Graphic Tobacco Labels Ruled Unconstitutional

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Graphic Tobacco Labels Ruled Unconstitutional


WASHINGTON, D.C. – The tobacco companies that challenged the Food and Drug Administration's (FDA) mandate that tobacco products include graphic warning labels depicting images of diseased lungs and rotting teeth to demonstrate the hazards of smoking won a victory in court today. U.S. District Judge Richard Leon ruled the FDA’s mandate unconstitutional, Reuters reported. Leon had previously granted a temporary injunction on the warning labels in November.

"The government has failed to carry both its burden of demonstrating a compelling interest and its burden of demonstrating that the rule is narrowly tailored to achieve a constitutionally permissible form of compelled commercial speech," Leon said in his ruling.

In 2009, Congress passed legislation ordering the FDA to put the label regulation into effect. It required color warning labels that cover 50 percent of a cigarette pack's front and back panels. Warning labels would also have to cover the top 20 percent of print advertisements. Tobacco companies such as Lorillard Inc. and Reynolds American Inc.'s R.J. Reynolds unit challenged the legislation in court late last year.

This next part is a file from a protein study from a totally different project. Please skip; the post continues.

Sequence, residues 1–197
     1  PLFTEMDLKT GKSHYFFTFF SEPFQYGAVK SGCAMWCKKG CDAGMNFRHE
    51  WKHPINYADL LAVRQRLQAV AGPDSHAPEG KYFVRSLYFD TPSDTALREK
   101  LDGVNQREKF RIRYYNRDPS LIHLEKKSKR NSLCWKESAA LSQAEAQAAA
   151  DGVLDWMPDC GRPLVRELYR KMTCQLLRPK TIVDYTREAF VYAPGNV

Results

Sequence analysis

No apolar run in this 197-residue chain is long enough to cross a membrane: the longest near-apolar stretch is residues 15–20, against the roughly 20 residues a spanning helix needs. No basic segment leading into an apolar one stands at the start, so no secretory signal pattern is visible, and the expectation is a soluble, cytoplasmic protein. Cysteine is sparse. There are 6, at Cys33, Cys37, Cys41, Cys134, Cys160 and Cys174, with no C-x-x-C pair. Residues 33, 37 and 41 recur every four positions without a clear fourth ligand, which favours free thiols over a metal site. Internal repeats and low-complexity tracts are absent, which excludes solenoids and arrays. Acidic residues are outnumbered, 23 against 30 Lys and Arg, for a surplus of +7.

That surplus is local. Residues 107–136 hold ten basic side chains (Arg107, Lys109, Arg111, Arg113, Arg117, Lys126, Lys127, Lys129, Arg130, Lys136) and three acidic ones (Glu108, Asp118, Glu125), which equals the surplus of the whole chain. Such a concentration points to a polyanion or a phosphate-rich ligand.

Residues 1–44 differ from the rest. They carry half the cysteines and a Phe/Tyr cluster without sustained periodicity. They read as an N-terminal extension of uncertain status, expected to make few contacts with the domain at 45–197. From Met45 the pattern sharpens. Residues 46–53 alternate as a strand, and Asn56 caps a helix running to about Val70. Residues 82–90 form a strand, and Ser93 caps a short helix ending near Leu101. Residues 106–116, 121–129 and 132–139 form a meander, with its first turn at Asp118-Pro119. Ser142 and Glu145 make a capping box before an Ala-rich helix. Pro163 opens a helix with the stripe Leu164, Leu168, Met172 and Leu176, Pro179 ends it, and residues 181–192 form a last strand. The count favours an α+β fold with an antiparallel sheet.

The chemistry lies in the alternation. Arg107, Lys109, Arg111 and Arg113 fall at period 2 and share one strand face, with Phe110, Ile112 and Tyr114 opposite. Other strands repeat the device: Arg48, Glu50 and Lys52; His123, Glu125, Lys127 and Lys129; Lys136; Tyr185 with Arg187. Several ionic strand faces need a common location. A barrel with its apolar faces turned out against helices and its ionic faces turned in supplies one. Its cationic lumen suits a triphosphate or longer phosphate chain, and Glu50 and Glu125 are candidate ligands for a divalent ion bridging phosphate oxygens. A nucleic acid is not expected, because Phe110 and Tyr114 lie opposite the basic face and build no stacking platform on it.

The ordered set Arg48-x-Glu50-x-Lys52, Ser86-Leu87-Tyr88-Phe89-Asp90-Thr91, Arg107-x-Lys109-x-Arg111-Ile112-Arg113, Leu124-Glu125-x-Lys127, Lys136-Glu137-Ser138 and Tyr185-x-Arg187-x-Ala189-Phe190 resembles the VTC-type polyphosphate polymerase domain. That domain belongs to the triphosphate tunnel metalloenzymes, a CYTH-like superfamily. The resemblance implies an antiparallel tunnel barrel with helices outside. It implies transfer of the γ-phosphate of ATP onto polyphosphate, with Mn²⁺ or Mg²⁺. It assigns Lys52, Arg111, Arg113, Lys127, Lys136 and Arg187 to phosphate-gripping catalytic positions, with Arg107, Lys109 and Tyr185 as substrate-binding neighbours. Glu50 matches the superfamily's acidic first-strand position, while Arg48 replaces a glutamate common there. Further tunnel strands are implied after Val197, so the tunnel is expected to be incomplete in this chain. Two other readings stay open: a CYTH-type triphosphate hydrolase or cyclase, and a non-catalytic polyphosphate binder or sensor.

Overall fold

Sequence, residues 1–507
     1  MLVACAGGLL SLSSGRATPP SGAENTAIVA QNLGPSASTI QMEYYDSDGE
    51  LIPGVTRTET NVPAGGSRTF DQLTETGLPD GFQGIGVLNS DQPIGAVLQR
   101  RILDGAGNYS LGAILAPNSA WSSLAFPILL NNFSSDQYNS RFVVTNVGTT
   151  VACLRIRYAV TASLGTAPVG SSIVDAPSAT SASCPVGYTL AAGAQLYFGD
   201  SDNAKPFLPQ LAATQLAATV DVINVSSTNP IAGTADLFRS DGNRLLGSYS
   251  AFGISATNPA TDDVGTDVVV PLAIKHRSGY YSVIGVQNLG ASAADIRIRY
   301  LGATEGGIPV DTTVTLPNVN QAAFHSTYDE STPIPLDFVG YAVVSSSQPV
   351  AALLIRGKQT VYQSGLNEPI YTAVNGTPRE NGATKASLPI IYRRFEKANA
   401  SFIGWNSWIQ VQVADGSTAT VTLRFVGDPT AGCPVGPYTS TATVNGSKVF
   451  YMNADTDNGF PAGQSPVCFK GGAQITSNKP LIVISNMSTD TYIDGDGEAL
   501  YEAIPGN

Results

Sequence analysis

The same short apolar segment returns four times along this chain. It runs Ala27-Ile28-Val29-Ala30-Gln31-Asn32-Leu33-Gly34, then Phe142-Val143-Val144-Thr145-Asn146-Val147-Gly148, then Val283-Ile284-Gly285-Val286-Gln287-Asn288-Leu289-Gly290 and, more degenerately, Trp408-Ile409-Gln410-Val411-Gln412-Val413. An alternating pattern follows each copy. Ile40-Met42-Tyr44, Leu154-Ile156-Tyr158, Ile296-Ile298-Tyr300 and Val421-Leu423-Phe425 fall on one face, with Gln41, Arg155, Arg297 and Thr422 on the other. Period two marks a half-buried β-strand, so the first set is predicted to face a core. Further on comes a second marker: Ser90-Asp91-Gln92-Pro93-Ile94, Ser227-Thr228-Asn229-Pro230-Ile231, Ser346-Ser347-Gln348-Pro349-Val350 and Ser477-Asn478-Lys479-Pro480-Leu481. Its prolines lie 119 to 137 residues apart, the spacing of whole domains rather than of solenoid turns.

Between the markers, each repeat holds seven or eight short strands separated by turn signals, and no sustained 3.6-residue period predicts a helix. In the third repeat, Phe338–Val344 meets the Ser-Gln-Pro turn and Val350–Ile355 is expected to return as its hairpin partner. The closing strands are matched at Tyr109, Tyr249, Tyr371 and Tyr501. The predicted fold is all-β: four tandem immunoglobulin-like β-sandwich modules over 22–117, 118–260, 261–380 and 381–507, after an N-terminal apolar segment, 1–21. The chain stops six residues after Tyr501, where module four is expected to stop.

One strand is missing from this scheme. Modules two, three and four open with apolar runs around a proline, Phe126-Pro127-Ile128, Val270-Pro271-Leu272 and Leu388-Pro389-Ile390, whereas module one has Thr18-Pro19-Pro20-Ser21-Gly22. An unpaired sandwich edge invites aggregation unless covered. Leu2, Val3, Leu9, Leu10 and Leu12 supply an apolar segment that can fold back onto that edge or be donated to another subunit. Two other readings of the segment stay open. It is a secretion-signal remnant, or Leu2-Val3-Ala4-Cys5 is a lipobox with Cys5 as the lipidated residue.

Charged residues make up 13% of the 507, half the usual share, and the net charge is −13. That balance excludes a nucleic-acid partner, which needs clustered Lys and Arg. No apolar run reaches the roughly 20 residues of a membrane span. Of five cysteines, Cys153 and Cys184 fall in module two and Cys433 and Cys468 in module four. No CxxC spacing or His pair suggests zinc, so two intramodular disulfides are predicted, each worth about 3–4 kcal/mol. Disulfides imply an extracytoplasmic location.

Leon's 19-page ruling stated that while educating the public on the effects of smoking "might be compelling, an interest in simply advocating that the public not purchase a legal product is not." He also noted that the warning labels are too large to pass constitutional muster and that the government has numerous other tools to lower smoking rates at its disposal, such as tobacco tax increases.

"Unfortunately, because Congress did not consider the First Amendment implications of this legislation, it did not concern itself with how the regulations could be narrowly tailored to avoid unintentionally compelling commercial speech," Leon wrote.

A spokesman for the U.S. Justice Department, which represented the FDA in the case, had no comment, according to Reuters.